New Ransomware Is as Dangerous as CryptoLocker

By Samuel Greengard Print this article Print
CryptoDefense ransomware

A new wave of ransomware presents serious security risks to business and demonstrates growing sophistication among organized crime syndicates on the Internet.

Although the Heartbleed bug has saturated news coverage in recent days—and an array of other threats have hit large and small enterprises in the past few months—a new and very dangerous form of malware has appeared: CryptoDefense.

A Symantec blog provides an overview of the ransomware and the potential nightmare it presents for businesses. Symantec describes it as "a sophisticated hybrid design incorporating a number of effective techniques previously used by other ransomcrypt malware authors to extort money from victims."

Like its better-known malware cousin CryptoLocker, CryptoDefense targets text, pictures, video, PDFs and Microsoft Office files, and then it encrypts them with a strong RSA-2048 key, while also wiping out the shadow copies used by many backup programs. That makes it difficult to salvage affected files.

Before the program will return the "kidnapped" files, it requests a payment of $500 in bitcoins via an exclusive Tor-hosted Website that the criminals hide behind. After four days, the payment jumps to $1,000. After a month, the private key is deleted, and the files become unrecoverable.

CryptoDefense demonstrates a growing level of sophistication among organized crime syndicates operating on the Internet. "There are now competing cyber-gangs using ransomware tactics to extort money from companies," reports Stu Sjouwerman, CEO and founder of KnowBe4, which provides Web-based security awareness training.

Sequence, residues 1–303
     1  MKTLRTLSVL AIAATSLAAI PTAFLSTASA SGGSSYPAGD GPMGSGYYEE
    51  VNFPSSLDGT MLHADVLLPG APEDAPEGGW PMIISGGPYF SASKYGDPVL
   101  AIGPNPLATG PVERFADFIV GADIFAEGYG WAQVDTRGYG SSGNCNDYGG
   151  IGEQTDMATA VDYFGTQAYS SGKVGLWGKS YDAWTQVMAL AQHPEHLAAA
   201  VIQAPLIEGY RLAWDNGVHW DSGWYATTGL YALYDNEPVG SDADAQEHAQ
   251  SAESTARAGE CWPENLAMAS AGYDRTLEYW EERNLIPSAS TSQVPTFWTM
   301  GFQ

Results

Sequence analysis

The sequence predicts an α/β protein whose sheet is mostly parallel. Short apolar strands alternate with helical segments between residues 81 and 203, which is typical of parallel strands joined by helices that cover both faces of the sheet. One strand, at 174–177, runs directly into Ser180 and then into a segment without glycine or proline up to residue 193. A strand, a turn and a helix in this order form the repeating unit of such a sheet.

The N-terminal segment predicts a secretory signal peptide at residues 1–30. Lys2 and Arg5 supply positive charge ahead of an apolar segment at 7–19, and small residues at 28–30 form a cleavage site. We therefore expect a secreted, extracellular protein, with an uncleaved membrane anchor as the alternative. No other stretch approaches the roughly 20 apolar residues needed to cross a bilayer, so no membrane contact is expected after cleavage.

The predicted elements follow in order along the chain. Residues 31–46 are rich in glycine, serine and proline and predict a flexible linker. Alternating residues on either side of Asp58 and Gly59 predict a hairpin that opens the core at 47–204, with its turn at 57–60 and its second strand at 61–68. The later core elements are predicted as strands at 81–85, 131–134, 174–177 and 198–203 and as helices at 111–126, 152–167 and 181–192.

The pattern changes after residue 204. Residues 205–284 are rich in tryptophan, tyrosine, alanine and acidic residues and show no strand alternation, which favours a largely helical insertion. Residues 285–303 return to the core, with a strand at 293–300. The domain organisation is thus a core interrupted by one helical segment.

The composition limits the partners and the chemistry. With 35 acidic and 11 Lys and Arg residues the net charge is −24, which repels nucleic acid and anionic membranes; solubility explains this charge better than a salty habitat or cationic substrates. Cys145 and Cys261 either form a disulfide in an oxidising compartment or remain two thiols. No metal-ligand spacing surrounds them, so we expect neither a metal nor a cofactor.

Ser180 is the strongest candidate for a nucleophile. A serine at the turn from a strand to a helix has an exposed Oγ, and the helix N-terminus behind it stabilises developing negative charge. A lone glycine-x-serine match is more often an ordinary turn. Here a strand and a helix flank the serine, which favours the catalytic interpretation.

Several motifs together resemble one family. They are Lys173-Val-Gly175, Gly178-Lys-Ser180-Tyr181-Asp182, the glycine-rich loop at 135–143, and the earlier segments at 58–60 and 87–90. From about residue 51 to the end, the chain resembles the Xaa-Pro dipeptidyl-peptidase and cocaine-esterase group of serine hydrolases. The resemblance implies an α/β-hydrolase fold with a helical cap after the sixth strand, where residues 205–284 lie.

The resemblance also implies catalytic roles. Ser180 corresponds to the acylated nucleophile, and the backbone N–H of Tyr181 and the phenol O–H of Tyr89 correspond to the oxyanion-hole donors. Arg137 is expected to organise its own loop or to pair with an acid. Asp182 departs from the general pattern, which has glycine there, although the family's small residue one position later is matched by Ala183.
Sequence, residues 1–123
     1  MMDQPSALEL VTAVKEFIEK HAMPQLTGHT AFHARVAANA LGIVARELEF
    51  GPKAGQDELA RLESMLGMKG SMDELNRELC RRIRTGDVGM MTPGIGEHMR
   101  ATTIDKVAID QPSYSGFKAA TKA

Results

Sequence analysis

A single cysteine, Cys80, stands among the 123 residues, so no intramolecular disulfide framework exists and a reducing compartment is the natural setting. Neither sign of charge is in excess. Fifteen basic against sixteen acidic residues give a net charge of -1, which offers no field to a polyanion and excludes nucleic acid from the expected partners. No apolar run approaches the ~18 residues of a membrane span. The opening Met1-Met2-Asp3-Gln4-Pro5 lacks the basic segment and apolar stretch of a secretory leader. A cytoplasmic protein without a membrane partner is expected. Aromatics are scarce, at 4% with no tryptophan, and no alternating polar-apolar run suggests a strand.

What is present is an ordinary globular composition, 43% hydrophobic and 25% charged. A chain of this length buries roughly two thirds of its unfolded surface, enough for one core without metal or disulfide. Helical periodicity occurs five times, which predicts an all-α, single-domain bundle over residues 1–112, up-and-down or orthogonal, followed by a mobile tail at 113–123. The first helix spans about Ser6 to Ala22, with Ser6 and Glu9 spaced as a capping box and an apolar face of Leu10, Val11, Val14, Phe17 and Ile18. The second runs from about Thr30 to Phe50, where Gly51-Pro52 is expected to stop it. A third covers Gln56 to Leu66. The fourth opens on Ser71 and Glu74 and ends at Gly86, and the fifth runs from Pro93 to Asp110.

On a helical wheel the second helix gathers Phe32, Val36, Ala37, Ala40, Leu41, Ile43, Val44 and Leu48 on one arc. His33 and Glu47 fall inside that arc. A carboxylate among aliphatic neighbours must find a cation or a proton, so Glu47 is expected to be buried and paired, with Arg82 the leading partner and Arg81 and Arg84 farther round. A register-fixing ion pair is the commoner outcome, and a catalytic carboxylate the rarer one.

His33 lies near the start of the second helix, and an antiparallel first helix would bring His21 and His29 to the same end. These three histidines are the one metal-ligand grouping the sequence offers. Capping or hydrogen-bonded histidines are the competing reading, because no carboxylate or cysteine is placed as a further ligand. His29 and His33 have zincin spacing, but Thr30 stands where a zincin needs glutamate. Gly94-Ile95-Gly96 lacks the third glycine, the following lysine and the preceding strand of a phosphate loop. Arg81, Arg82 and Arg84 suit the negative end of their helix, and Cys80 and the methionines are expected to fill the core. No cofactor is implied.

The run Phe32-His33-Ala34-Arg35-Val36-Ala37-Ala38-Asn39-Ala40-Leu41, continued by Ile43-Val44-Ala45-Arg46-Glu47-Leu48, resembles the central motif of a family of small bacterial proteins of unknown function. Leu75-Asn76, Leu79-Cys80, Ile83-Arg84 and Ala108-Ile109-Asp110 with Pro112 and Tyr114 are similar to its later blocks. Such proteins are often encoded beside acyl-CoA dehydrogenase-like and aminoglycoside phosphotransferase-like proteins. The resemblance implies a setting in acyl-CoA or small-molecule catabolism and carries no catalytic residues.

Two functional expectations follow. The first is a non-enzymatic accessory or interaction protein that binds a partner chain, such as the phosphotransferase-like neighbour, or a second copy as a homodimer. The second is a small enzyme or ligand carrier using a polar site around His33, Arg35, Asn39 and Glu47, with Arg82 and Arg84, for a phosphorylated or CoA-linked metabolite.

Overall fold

"Among those reportedly affected is the Boston Police Department. This makes it exceptionally difficult for businesses that do not take adequate steps to protect and back up their data,"

The stakes are growing. Last year, CryptoLocker infected an estimated 250,000-plus Windows computers, including systems running Windows Vista, Windows XP, 7, 8 and Professional. There's also a third known form of ransomware: Cryptorbit. All rely on a similar shakedown method. According to Symantec, CryptoDefense netted perpetrators somewhere in the neighborhood of $34,000 during February, the first month the malware appeared.

How can organizations affected by the malware get around paying the ransom? The creators of the malware leave the decryption key on a user's computer, so it's possible to circumvent the ransomware using specialized tools and techniques to get back affected files. For example, security firm MalwareExperts, which describes the risk of CryptoDefense as moderate, offers detailed tools and instructions for removal at its Website.

In addition, IT executives—particularly those at small and midsize businesses—should introduce automated backups and make sure all data can be restored.

KnowBe4's Sjouwerman says that user training is another key component. He points out that it's critical to educate employees, including senior-level executives, about the ongoing threat of clicking on a bad link. It's also wise to complement the training with simulated phishing attacks on a regular basis. KnowBe4's research—it examined 372 companies over a 12-month span— indicates that about 16 percent of all phishing attempts succeed.

Finally, security experts say that it may be wise to block all incoming .zip files at the firewall or mail server and ensure that up-to-date endpoint encryption is in place.

"We are now in Generation 5 of cyber-crime, which means there's a strong underground economy where stolen goods and illegal services are bought and sold in a 'professional' manner," concludes Sjouwerman. "Ransomware will be one of the tricks of the trade, and it will spread rapidly due to the existence of a well-developed criminal underground economy and supply chain."

This article was originally published on 2014-04-17

Samuel Greengard is a contributing writer for Baseline.

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